California Community College Chancellor Eloy Oakley hosted a teleconference via Zoom to speak out about the current status of community colleges and what students and staff should expect moving forward during the COVID-19 pandemic.
Federal funding such as Coronavirus Aid, Relief and Economic Security (CARES) Act has provided colleges with resources to aid the transition to online. All California Community Colleges had made the transition to online instruction/learning by the end of Mar. using the funding from the CARES Act. Colleges have provided students without the proper resources with the needed technology such as laptops, tablets and portable “Mi-Fi.”
More recently, the California Community College Office has issued several executive orders to aid in ensuring student flexibility and security.
“First, we issued an executive order temporarily suspending student withdrawal regulations to address the continuity of education in our colleges during the COVID-19 declared states of emergency,” Chancellor Oakley said. “This was followed by a temporary suspension of various specified grave relations to address again the continuity of education, and to make our grading system more flexible in this time of crisis.”
Besides technology, there are several other resources specific California community colleges are providing to students. These include meal distribution, parking lot Wi-Fi access, philanthropic emergency grants and personal protective equipment to medical staff.
The Chancellor also spoke on the importance of participating in the California Census, stressing that Congressional representation and educational funding provided to our state depends completely on all students being counted.
Student media representatives were given time to ask questions on what students should expect in the coming semesters, and how resources are planned of being allocated.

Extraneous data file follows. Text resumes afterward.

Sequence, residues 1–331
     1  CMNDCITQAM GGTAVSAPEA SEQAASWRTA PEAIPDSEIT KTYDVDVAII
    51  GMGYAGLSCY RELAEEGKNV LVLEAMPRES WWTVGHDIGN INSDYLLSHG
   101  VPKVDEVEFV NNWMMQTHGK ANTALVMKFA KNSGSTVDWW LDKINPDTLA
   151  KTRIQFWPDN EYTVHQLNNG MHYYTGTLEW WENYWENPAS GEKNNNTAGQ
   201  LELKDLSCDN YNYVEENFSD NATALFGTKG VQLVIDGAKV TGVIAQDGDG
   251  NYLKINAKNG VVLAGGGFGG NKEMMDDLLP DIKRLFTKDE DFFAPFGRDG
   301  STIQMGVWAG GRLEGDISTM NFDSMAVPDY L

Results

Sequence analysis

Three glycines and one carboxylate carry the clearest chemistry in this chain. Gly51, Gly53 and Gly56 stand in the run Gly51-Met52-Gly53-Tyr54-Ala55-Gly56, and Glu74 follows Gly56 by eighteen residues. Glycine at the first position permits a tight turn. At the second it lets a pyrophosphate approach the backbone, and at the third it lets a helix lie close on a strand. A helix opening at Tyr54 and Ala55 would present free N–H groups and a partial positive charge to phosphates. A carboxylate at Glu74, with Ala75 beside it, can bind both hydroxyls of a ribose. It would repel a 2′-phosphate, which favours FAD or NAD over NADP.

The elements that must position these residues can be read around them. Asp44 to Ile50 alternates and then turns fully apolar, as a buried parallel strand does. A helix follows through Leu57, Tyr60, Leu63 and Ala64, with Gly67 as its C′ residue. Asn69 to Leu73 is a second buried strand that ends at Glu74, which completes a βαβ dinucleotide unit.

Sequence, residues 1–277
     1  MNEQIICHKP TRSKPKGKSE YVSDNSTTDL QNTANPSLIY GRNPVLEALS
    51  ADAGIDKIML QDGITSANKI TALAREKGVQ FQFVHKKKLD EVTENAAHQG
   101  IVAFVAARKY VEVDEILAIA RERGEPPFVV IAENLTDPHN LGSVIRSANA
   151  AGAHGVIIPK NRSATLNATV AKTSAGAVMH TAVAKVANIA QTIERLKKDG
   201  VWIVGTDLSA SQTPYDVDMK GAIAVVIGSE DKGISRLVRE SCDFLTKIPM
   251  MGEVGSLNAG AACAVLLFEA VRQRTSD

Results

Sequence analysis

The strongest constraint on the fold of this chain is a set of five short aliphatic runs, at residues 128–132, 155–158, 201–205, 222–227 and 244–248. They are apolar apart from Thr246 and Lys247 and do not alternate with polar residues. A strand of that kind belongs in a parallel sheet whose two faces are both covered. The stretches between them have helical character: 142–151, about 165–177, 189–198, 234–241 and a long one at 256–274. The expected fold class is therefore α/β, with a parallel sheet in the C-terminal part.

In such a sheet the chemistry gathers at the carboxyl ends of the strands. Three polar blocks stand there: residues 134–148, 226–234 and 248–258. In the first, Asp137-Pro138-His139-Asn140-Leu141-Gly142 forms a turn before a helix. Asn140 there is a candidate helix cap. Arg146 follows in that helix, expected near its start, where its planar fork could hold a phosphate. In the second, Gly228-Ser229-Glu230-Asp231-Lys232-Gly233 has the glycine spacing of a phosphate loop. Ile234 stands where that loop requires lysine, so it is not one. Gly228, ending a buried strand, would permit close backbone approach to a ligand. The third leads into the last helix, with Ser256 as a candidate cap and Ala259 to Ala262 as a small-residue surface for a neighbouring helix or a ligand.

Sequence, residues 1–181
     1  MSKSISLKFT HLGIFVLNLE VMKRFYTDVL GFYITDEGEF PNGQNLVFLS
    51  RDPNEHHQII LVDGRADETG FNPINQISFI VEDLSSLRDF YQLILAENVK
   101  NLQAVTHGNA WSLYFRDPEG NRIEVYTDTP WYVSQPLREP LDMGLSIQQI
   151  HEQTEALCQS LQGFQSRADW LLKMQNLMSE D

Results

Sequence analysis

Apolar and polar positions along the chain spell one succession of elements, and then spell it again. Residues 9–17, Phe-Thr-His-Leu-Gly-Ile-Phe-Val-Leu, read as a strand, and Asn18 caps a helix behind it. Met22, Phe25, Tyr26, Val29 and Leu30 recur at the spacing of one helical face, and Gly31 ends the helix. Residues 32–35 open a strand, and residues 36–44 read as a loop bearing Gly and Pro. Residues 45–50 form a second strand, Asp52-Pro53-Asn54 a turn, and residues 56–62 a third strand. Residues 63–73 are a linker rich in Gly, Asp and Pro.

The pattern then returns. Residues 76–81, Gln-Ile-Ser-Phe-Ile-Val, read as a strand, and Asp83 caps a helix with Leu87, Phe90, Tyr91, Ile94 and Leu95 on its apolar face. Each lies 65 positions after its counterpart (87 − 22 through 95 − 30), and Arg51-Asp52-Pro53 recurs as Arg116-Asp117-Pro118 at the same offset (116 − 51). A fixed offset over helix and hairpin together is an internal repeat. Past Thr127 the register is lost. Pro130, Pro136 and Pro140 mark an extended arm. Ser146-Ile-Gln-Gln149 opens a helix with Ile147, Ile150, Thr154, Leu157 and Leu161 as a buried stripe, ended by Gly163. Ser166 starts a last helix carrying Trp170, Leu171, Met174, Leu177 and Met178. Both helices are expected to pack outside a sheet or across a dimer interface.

One of the most pressing issues for current students is how the pandemic will affect the transfer process to UC and CSU universities. The conference hosts assured the virtual audience that there will be supports for students planning to transfer in the fall, in addition to students impacted by the pandemic and who are planning to transfer in future semesters.
“They are accepting pass/no pass, they are working for students who may not be completing Associate Degrees for transfer who may need to defer enrollment for transfer and or who may transfer a few units shy of the full 60 required,” said Executive Vice Chancellor for Educational Services, Marty Malvardado.
Each California Community College campus has been impacted by the pandemic differently. Some campuses have been converted into emergency facilities, while others have taken this opportunity to provide meals and food drives to the community.
Another point emphasized in the conference, is that all students enrolled in community colleges are given this support, no matter the student’s citizen status or not.
“Half of the money allocated to the colleges from the CARES Act is specific to student need, there are no restrictions at this point on those funds,” Chancellor Oakley said. “We have asked our colleges to prioritize resident students, meaning every student that attends our college without a distinction.”
There is no definite answer to when these pandemic procedures will come to an end, but California Community Colleges have made preparations lasting until the Spring of 2021.
Any other FAQ’s or additional information of the California Community College’s response to the COVID-19 Pandemic can be found on the Chancellor’s website.